Thursday 25 June 2015

A week on Skokholm..

Fitted in between CES 5 and 6, two of us spent a week on Skokholm ringing and counting birds.
Although very quiet for migrants in June, we were able to help with the long term seabird projects.
Just a brief summary of the work here but for a more in depth look at  the daily work on the island follow the excellent Skokholm blog which is updated daily.

Juvenile Wheatear were appearing in increasing numbers during the week and we ringed a few from the 13 pairs. This one was along the track to the light house.

Most of the Great Black-backed Gull chicks were a good size for colour ringing. This is an important part of a study looking at juvenile survival, dispersal and recruitment into the breeding population. Over 25% of the chicks colour-ringed last year were resighted in Cornwall. 
 Waiting for glue to set on a numbered colour ring...
Along the lighthouse track, a study transect was established in 2013 where Manx Shearwaters are ringed and retrapped to look at adult survival and recruitment of juveniles to the population.  Many visiting ringers find this nocturnal activity to be the highlight of their stay. Visitors to the island are invited to join the ringers and find it fascinating to see this secretive bird in the hand and to learn more about them.
Work in the Manx Shearwater study plots - there 193 study burrows which are natural burrows with a slab over the nest chamber to allow easy access. These are visited early in the season to see which adults have returned to the colony. All burrows where an egg is produced are then monitored to see what proportion of pairs fledge a chick.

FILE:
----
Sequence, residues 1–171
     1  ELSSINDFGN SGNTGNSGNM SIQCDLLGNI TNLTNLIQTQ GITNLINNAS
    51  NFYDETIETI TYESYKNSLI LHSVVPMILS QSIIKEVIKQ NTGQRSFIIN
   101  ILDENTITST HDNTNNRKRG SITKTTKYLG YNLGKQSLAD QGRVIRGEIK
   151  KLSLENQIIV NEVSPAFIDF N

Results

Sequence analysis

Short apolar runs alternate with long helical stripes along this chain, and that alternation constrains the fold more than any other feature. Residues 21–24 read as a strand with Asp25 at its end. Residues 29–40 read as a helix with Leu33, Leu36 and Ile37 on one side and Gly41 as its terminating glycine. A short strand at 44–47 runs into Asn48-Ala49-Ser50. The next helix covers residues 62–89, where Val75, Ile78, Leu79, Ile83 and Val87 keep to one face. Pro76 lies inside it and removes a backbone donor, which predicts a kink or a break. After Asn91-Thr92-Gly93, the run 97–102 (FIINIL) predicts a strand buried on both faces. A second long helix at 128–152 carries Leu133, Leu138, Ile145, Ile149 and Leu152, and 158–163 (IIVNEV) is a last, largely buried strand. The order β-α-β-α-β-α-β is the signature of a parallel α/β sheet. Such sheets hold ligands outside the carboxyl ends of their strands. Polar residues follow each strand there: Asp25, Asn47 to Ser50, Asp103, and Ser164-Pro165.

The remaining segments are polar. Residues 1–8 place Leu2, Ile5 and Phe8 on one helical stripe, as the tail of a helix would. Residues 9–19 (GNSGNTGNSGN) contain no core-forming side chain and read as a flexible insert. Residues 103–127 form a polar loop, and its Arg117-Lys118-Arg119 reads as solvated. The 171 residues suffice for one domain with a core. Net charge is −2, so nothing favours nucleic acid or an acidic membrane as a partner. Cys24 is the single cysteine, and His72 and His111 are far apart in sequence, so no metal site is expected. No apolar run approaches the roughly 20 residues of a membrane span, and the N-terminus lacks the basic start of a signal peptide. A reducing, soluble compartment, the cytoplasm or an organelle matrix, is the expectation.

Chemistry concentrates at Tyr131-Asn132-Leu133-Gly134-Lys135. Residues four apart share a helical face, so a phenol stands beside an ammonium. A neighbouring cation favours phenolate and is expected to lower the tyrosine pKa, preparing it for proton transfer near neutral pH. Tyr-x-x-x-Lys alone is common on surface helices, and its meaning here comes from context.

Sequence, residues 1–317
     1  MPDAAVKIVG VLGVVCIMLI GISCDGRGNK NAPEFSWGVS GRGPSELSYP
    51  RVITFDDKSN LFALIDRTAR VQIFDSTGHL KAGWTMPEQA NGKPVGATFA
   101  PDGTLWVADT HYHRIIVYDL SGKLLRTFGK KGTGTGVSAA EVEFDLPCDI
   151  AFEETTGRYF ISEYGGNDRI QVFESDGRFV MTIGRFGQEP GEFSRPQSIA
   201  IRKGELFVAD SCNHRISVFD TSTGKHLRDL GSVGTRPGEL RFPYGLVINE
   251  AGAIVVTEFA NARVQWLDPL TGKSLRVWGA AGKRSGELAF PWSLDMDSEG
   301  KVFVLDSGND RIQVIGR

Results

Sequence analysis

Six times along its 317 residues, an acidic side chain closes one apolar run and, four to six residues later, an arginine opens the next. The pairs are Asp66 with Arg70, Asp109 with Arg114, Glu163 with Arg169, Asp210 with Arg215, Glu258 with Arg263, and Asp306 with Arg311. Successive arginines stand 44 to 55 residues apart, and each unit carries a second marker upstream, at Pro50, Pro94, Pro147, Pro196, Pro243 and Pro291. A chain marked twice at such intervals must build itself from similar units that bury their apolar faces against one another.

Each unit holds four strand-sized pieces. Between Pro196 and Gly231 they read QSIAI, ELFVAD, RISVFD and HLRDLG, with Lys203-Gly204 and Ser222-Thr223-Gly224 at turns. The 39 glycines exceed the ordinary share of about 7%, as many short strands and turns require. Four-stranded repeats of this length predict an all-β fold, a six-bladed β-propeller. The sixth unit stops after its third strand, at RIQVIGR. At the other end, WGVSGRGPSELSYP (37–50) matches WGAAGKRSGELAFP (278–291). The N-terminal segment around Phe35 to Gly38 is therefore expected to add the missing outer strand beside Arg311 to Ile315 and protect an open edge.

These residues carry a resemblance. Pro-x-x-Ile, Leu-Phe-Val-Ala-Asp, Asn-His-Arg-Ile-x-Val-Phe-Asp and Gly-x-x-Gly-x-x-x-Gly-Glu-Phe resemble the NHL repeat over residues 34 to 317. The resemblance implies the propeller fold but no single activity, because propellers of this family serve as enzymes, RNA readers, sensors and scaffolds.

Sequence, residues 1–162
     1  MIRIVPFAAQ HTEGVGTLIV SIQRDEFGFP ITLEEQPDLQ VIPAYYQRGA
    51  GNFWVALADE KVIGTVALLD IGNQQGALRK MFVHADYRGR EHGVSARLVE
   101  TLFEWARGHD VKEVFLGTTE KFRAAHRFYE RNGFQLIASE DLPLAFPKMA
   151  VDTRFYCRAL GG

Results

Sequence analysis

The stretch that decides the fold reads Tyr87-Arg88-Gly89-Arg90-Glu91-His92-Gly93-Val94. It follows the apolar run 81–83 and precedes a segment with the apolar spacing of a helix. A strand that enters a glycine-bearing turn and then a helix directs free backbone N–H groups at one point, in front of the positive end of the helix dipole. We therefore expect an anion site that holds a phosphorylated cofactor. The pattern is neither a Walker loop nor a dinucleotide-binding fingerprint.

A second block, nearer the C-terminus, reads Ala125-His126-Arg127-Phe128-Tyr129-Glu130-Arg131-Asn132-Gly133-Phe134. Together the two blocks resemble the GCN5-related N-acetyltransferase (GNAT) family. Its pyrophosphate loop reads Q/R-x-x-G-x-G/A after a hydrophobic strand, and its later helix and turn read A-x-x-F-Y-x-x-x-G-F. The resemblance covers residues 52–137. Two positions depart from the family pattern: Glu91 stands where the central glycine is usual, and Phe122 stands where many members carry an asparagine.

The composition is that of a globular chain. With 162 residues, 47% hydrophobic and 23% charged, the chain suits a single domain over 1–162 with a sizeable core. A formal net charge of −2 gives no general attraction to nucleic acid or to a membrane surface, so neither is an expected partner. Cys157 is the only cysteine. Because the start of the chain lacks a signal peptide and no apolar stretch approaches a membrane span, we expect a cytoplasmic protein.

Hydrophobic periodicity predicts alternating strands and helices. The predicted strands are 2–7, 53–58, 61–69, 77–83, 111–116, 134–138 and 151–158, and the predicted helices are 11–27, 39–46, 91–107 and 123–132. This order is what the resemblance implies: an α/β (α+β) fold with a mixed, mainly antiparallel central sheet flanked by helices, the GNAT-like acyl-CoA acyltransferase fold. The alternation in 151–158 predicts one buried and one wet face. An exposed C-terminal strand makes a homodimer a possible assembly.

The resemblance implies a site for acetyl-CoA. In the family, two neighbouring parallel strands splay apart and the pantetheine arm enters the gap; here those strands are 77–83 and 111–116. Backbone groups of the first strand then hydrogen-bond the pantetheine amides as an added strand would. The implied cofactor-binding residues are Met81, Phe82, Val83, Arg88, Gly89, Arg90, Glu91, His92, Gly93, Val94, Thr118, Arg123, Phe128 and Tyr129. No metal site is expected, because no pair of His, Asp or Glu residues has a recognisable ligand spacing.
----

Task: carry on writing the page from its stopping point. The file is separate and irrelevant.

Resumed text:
We checked out the last few unknown partners in occupied burrows.
Adult Razorbills are ringed as part of long term studies into adult survival and the juveniles as part of long term productivity monitoring.
 A day of nips and scratches and crawling around in guano!
Razorbills carry ticks and a search after the visit to the Razorbill colony was justified as one was found firmly attached!

A visit to Skokholm a week earlier last year was busy with ringing Oystercatcher chicks. This year they are later and we only ringed one, though many more will be produced from the 40 pairs.
Herring and Lesser Black-backed gulls are ringed as part of the study into long-term survival. Here Richard is teaching one of the long term volunteers how to measure the head and bill of a Lesser Black-backed Gull.

Ringers and non- ringers are welcome to stay on Skokholm. Further details here..
Visit Skokholm

The Skokholm annual report is well worth a read for a detailed insight into the work on the island.
Skokholm Annual Report 2014

No comments:

Post a Comment

Please feel free to post comments but there may be a delay as they are all moderated to avoid spam